He’s 85 years old and he still brings the enthusiasm fastball with him wherever he goes.
This week, Las Vegas-based promoter Bob Arum touched base with TALKBOX, and talked about the stars in his stable, and yes, matters outside the squared circle.
He seemed most enthused when referring to the Dec. 9 Top Rank card set to unfold in NY, at the Madison Square Garden Theater. He called the event, pitting two Olympic gold medallists and standout pros, Vasyl Lomachenko and Guillermo Rigondeaux, against each other, “historic.”
He noted that fewer than 100 tickets remain, a bullish response from the public, which will fill the 5,000 seat venue.
Rigondeaux, in fact, fought for Top Rank for a long spell. In 2010, he signed on with the Vegas company and his visibility popped massively after a contract extension, when he downed pound for pound ace Nonito Donaire in their April 2013 tango. But his monetum stalled after beating Donaire. In a December 2013 story, Rick Reeno quoted Arum as saying, “Every time I mention him, (HBO executives) throw up.” After Rigo bested Donaire, Arum said, “It was not a very engaging fight. If Rigondeaux would stand and fight, he has a lot of power and a lot of skills, but running the way he does really makes it not a watchable fight.”
Yes, this was his promoter, out of promoter mode, voicing frustration that a man of undeniable skills wasn’t using a more “fan friendly style.”
After Agbeko, Rigo was hidden on a Macau card, and then his deal with Top Rank expired. They didn’t re-sign him, and Arum has now and again publicly taken a slap at the Cuban. Now, with Arum it can feel like it’s personal. That’s because for him, business is personal, it is deep in his DNA. He cares passionately and sometimes that passion can appear to drift into territory that can be interpreted as personal. I posed the question to Arum—does he not like Rigo? Did his frustration with a talent level unfulfilled, in his eyes, leave him having some dislike for the Cuban?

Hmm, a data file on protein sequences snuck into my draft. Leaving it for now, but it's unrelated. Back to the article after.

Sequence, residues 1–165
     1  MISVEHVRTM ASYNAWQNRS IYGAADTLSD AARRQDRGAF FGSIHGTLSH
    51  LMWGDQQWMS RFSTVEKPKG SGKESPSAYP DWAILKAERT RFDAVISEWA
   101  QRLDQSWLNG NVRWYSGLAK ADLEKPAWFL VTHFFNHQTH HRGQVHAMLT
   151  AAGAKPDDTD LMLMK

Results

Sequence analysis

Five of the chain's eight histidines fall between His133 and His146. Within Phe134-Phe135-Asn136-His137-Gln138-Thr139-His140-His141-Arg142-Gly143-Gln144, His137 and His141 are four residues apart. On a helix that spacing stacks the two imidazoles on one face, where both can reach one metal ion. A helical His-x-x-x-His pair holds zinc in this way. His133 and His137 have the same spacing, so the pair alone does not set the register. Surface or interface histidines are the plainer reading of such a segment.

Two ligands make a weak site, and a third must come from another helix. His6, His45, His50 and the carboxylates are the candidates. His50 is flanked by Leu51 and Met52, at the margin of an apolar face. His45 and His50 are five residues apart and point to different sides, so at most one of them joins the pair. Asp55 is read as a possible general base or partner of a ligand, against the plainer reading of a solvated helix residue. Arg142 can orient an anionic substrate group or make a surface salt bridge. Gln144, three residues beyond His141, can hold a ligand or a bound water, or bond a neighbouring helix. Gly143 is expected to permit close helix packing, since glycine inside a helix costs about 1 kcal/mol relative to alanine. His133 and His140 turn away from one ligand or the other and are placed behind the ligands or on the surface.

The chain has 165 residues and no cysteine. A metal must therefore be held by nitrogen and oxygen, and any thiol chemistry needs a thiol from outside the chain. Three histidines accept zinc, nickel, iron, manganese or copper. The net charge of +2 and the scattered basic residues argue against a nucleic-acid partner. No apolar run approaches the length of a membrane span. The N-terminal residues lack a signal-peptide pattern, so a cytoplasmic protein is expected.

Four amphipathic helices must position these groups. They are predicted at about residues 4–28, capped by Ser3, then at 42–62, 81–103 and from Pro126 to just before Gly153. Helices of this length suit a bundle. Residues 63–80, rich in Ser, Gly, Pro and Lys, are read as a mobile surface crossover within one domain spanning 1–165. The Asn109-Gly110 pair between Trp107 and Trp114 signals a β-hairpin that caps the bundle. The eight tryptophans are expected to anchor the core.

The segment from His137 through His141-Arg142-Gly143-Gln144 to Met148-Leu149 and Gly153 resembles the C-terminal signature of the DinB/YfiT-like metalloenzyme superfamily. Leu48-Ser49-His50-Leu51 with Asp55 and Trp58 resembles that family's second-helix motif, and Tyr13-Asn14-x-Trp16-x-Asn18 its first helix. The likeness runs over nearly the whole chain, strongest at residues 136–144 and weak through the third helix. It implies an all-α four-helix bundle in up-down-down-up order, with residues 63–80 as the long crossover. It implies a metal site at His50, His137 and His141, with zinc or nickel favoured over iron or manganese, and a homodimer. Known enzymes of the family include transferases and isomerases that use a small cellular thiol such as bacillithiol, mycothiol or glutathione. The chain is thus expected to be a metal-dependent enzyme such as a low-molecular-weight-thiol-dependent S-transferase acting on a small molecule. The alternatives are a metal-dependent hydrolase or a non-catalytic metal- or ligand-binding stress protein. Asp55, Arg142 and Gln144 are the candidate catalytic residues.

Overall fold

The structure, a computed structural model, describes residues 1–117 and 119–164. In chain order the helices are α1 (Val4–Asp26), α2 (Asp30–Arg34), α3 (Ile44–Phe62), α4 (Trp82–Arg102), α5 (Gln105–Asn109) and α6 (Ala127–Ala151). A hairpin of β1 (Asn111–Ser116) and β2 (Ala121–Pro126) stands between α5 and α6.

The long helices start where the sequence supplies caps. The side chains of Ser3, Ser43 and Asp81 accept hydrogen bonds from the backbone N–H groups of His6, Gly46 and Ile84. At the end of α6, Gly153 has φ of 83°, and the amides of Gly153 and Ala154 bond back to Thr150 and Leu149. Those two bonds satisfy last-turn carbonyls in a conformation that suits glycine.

“Do you like him do you not like him?” I asked.
“He is a nice kid,” Arum answered. “I like him very much. The problem is, he was trained in Cuba. And he is a product of the Cuban boxing system. What does that mean? It means, you watch them in the amateurs, they would go out in the first two rounds and beat the hell out of their opponents. They would coast in the third round and they wouldn’t throw a punch in the fourth round, because they knew they had won the fight. That’s how they’re trained. If you’re winning the fight, you play defense, almost like a football team. If you go up by two touchdowns, you don’t take any chances and you run the ball. It makes sense. But boxing isn’t like that, people want to be entertained.” Loma, also deeply grounded in an amateur system, is different, Arum said, because he builds up to a crescendo. “He is looking to destroy the guy, make him quit or destroy him. That’s what makes him the exciting fighter he is. Rigo is looking just to win. Difference.”
Noted. And to reiterate, Arum’s manner can be Brooklyn brusque. He can be prickly but as with a cactus, he isn’t acting with ill intent.